14.5.2 Design Procedure for Cast-in-Place Concrete Cantilever Walls


The CIP wall shall be designed to resist lateral pressure caused by supported earth,
surcharge loads and water in accordance with LRFD [11.6]. The external stability,
settlement, and overall stability shall be evaluated at the appropriate load limit states in
accordance with LRFD [11.5.5], to resist anticipated failure mechanism. The structural
components mainly stem and footing should be designed to resist flexural resistance in
accordance with LRFD [11.6.3].
Figure 14.5-1 shows possible external stability failure and deep seated rotational failure
mechanisms of CIP cantilever walls that must be investigated as part of the stability check.

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Figure 14.5-1
CIP Semi-Gravity Wall Failure Mechanism

14.5.2.1 Design Steps


The general design steps discussed in 14.4.1 shall be followed for the wall design. These
steps as applicable for CIP cantilever walls are summarized below.
1. Establish project requirements including wall height, geometry and wall location as
discussed in 14.1 of this chapter.
2. Perform Geotechnical investigation
3. Develop soil strength parameters
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4. Determine preliminary sizing for external stability evaluation


5. Determine applicable unfactored or nominal loads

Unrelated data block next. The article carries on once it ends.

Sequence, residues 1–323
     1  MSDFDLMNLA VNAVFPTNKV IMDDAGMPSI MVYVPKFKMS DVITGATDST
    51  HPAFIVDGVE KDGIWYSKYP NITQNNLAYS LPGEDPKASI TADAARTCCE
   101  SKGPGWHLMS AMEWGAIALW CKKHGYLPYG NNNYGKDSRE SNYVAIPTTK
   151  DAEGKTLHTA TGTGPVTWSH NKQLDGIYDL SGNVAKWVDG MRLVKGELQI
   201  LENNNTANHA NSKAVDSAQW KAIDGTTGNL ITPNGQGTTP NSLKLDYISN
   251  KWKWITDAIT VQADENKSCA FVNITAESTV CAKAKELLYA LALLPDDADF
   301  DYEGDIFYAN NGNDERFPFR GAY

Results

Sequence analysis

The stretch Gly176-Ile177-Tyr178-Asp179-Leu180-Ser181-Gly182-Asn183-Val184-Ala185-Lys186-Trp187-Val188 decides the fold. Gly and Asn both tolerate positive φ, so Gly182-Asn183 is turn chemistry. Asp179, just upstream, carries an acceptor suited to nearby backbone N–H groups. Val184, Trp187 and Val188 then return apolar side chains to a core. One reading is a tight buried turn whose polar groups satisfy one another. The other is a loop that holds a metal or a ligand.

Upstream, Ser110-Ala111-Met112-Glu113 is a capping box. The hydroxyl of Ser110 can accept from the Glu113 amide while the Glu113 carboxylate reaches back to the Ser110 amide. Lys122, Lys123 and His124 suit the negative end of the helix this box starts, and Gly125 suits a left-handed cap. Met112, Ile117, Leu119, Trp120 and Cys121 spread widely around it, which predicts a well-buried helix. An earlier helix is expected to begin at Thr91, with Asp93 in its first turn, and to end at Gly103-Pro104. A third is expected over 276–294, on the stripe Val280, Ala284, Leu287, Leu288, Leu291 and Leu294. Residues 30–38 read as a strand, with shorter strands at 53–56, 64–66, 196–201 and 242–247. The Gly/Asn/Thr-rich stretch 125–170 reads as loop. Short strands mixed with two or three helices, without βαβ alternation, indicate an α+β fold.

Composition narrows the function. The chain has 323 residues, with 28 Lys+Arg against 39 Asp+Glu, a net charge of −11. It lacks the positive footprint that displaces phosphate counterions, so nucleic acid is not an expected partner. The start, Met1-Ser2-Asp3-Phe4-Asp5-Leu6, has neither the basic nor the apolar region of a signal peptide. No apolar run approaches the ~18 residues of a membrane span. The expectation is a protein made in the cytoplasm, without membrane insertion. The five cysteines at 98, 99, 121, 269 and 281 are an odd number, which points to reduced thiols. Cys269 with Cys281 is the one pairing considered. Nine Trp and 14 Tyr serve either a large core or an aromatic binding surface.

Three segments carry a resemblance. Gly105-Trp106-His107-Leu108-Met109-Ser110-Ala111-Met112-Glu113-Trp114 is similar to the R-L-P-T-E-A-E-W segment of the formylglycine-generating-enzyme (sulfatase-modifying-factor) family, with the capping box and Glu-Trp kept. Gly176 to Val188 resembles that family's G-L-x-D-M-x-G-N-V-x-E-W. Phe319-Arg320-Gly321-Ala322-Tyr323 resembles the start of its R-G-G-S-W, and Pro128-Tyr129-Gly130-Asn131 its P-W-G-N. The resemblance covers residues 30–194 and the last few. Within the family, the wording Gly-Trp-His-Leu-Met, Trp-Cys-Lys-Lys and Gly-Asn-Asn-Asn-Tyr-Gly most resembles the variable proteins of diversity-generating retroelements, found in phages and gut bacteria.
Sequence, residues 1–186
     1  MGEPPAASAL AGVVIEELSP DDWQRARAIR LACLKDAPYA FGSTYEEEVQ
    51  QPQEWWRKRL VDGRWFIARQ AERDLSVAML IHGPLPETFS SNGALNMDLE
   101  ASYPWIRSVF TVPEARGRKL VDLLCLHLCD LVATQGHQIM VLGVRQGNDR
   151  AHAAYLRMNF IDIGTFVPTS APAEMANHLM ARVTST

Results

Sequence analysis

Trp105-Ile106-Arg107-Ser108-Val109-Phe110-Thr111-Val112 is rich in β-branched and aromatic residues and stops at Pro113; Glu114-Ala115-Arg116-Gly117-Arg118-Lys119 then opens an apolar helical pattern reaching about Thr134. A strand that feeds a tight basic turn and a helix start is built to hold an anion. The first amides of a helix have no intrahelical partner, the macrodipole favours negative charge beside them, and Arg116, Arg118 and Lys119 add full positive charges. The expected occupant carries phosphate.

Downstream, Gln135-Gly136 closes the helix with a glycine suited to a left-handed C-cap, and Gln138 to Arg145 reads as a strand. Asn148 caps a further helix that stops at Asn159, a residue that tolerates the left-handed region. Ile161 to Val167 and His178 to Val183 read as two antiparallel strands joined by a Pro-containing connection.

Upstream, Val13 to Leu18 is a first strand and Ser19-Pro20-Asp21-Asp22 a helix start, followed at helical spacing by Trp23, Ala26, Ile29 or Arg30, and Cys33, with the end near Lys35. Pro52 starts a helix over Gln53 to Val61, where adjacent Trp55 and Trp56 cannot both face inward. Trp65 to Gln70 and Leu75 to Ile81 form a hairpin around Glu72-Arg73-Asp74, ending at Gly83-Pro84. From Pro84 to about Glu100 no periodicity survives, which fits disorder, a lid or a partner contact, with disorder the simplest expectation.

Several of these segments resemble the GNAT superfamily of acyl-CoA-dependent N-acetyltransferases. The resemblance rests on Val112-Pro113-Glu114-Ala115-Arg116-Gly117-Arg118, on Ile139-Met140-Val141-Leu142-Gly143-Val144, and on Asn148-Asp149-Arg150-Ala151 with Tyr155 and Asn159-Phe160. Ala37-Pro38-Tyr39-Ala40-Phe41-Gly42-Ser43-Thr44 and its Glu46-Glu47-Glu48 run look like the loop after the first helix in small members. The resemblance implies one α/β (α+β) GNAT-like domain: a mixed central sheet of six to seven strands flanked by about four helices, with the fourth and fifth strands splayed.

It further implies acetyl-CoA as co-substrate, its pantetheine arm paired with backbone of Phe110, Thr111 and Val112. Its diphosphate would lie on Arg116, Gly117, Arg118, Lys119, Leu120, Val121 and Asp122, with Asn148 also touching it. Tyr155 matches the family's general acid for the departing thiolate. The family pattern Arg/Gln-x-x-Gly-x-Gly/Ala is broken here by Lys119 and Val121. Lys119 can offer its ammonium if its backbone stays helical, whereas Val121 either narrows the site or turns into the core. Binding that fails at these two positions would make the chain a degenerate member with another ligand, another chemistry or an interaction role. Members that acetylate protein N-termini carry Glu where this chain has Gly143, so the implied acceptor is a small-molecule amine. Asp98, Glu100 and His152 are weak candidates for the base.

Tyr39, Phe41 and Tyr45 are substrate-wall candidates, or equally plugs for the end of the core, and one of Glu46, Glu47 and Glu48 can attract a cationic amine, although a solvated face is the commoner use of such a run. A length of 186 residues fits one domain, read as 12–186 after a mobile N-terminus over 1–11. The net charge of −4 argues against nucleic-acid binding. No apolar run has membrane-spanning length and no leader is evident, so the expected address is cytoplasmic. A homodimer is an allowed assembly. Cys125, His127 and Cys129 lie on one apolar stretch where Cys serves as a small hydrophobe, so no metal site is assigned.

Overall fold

6. Evaluate factored loads for all appropriate limit states
7. Perform stability check to evaluate bearing resistance, eccentricity, and sliding as
part of external stability
8. Estimate wall settlement and lateral wall movement to meet guidelines stated in Table
14.4-3.
9. Check overall stability and revise design, if necessary, by repeating steps 4 to 8.
It is assumed that steps 1, 2 and 3 have been performed prior to starting the design process.

14.5.3 Preliminary Sizing


A preliminary design can be performed using the following guideline.
1. The wall height and alignment shall be selected in accordance with the preliminary
plan preparation process discussed in 14.1.
2. Preliminary CIP wall design may assume a stem top width of 12 inches. Stem
thickness at the bottom is based on load requirements and/or batter. The front batter
of the stem should be set at inch per foot for stem heights up to 28 feet. For stem
heights from 16 feet to 26 feet inclusive, the back face batter shall be a minimum of